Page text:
C.     The Jerusalem church was effective not just because it was successful in Jerusalem, but because it blazed the trail for churches everywhere.


      In America today, there are no faithful congregations that have successfully attained the level that the church in Jerusalem did. There is no preacher, teacher or elder for us to call and ask, “How can our congregation follow your example to become larger and more effective just like the Jerusalem church was?” If we make the choice to be constructively discontent with where we are presently and determine that we will not be satisfied just to be exceptional among our peers, we will have to be trailblazers among modern American churches.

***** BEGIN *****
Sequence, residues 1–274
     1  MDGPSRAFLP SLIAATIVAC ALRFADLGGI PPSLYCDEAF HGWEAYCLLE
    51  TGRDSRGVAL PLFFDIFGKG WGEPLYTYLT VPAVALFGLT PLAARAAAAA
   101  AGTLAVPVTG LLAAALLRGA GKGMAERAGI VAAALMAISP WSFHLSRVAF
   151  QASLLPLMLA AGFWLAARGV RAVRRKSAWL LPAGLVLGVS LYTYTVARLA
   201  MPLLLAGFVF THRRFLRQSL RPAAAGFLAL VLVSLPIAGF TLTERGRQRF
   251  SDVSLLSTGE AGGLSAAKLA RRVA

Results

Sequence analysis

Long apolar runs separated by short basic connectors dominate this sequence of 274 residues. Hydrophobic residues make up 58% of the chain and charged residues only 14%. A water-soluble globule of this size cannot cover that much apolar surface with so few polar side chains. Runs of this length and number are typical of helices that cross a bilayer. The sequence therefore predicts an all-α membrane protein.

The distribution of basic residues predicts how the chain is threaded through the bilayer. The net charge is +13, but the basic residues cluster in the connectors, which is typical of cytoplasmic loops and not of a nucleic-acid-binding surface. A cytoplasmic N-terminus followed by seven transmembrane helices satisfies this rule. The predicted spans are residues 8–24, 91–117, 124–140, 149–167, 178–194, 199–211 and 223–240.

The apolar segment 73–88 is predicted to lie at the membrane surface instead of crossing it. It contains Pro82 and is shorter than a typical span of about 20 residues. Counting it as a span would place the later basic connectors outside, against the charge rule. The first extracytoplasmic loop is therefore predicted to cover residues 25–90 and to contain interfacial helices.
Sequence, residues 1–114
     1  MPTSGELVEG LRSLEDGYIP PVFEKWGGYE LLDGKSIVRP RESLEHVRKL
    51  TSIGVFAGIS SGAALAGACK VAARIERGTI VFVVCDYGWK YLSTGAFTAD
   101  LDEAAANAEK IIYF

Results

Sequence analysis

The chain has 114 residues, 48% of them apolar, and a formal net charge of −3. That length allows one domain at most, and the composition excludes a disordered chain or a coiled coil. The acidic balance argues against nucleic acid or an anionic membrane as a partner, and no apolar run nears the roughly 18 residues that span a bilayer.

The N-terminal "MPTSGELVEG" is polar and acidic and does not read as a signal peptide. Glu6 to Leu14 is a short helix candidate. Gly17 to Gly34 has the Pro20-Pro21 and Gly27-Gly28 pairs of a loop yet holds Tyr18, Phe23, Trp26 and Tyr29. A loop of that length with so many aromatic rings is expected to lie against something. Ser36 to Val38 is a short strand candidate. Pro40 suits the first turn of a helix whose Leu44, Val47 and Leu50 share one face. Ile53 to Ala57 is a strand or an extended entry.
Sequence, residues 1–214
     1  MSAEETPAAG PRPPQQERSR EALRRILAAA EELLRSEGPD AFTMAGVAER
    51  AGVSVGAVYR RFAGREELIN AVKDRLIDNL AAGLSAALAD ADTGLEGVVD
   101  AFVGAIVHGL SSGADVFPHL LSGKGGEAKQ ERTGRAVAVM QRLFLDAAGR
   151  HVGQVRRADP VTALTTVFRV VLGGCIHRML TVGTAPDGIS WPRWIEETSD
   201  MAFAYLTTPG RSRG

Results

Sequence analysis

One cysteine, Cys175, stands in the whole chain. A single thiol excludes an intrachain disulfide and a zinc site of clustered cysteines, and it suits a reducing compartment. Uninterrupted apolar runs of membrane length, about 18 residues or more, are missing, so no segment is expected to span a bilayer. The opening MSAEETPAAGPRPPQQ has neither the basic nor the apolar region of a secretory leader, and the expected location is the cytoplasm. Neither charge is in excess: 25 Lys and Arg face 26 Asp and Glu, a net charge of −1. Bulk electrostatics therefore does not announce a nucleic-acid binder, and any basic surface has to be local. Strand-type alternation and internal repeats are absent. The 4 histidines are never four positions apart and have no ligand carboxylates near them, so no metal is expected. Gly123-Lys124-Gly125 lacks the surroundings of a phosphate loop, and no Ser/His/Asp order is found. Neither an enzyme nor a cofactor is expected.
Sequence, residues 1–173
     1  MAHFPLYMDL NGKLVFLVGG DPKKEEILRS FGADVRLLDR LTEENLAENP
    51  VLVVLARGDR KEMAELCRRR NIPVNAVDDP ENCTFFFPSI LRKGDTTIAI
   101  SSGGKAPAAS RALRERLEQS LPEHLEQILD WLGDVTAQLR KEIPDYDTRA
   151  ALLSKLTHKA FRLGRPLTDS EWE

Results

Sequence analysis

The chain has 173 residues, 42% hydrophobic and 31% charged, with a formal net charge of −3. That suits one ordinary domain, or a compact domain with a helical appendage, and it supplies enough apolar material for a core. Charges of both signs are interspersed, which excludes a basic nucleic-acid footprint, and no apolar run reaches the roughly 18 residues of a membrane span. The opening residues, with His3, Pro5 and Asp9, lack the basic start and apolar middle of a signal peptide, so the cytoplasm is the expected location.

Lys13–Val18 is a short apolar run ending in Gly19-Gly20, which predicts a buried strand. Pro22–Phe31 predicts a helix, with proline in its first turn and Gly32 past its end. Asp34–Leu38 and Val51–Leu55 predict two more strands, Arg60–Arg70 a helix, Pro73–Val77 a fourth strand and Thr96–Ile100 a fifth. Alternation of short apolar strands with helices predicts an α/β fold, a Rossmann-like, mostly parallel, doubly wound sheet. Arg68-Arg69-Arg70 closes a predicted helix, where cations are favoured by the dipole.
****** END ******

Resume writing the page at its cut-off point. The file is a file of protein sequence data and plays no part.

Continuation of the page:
As you look into the future, considering this vision and wondering, “Is it attainable?”, allow me to assure you, it is. Understand this, for the church as a whole to move beyond its current level of effectiveness in present day America, some sound congregation somewhere must demonstrate that a modern church can have the success that Jerusalem had and maintain faithfulness to God’s Word. Some church must blaze a trail as the Jerusalem church did. I ask you two questions, “If not us, who? If not now, when?” We can do it and we can start this year. Are you prepared to be a church like Jerusalem? Are you prepared to boldly go where we’ve never gone before?


Glory to God in the church by Christ Jesus
Franklin Church of Christ